16. In a method of forming and applying a slurry seal to a roadway or like surface, first providing in a mixer container a substantially uniformly moistened aggregate of particulate solid mineral material including relatively coarse material having a calcium oxide content and relatively fine material, the latter having a particle size substantially in the fineness moduli range 2.15-3.25; and then rapidly mixing said moistened aggregate with emulsified asphalt and applying the mixture to said surface while containing all of said relatively coarse particulate material, said relatively fine particulate material, the moisture and said emulsified asphalt, the aggregate and emulsified asphalt having such mutually related characteristics when mixed together as to produce a quick chemical break, and the mixing time being less than the period for manifestation of the chemical break, the latter occurring after application of the mixture to the surface.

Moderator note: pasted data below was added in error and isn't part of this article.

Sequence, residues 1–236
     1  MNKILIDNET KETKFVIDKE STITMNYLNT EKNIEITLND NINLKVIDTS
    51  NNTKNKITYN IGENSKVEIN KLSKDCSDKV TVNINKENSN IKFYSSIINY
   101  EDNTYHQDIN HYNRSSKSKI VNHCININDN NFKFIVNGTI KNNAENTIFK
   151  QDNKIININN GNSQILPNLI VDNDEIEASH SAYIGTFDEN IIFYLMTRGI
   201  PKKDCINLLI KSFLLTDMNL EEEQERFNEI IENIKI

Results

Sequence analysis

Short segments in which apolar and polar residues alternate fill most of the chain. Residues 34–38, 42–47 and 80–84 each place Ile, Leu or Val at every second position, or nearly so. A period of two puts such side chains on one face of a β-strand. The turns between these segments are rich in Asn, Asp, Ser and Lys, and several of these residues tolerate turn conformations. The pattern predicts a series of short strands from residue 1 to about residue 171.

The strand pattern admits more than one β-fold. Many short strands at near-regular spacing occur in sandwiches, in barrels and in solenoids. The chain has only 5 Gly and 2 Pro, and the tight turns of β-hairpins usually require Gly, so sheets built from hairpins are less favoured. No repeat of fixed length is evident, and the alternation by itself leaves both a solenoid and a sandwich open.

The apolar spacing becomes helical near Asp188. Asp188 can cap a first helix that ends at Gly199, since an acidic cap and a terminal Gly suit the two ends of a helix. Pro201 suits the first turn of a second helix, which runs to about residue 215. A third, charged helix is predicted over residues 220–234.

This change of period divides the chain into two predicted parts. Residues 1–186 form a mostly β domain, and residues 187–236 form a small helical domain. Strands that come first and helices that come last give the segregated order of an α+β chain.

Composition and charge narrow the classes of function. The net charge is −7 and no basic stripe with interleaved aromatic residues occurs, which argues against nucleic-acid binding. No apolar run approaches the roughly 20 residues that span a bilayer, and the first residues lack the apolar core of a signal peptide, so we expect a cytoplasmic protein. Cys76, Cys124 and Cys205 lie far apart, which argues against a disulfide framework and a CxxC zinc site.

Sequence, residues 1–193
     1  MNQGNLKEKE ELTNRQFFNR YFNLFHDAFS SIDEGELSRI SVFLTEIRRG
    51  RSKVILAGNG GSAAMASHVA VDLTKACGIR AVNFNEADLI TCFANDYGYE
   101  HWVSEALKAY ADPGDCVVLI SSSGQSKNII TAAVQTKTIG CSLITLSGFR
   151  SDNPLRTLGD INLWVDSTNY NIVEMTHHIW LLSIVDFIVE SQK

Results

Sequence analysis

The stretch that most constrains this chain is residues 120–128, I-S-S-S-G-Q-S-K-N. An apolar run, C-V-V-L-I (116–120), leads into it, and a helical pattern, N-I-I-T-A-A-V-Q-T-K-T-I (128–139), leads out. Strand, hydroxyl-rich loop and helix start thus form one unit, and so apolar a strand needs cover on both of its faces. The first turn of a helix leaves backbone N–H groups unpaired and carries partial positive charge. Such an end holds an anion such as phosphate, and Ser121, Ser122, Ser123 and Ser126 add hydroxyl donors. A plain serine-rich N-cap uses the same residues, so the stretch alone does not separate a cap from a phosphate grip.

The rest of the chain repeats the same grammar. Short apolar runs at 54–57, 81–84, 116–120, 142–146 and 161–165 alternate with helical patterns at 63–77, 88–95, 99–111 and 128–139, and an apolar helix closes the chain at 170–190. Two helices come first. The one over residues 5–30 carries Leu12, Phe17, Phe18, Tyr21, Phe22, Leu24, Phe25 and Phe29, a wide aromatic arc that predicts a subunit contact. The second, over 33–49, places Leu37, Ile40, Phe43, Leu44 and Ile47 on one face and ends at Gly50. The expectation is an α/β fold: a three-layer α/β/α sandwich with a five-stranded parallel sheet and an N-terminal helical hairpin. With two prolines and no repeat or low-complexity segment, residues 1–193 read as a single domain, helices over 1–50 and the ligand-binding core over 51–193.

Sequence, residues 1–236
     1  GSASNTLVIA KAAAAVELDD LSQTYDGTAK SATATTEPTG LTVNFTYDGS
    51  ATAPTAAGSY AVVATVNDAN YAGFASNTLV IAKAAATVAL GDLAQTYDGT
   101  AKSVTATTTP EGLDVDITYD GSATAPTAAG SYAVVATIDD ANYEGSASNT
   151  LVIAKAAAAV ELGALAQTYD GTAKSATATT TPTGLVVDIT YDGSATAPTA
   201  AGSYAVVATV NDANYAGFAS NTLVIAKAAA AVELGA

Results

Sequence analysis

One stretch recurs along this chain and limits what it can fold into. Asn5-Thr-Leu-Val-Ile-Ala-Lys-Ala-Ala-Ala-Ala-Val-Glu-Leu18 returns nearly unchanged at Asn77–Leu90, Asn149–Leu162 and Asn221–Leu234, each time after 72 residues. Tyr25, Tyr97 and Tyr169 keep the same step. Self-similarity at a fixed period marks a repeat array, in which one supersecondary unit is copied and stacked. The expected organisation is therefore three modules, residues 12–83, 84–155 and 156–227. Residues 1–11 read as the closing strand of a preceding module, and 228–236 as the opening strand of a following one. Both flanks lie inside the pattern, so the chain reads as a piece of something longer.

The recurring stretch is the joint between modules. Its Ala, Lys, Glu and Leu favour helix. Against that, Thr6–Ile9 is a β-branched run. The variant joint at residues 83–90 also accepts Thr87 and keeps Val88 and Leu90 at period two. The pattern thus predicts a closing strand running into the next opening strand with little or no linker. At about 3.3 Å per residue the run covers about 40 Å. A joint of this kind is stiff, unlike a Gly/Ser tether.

17. In a method of forming a slurry mixture, introducing particulate solid material aggregate into a mixing container; applying a first force throughout the container tending to move the aggregate through the container for discharging the aggregate therefrom; applying a supplemental force to the aggregate throughout a first container zone extending from the place of introducing of the aggregate toward the place of discharge but terminating short of the latter, said supplemental force also tending to move the aggregate through the container for discharging the aggregate therefrom; applying an opposing force to the aggregate throughout a second container zone extending from said first container zone to the place of discharge and tending to move the aggregate oppositely in said container; and introducing emulsified asphalt into said container in said second container zone for being mixed with said aggregate only after the aggregate has first been mixed in said first container zone.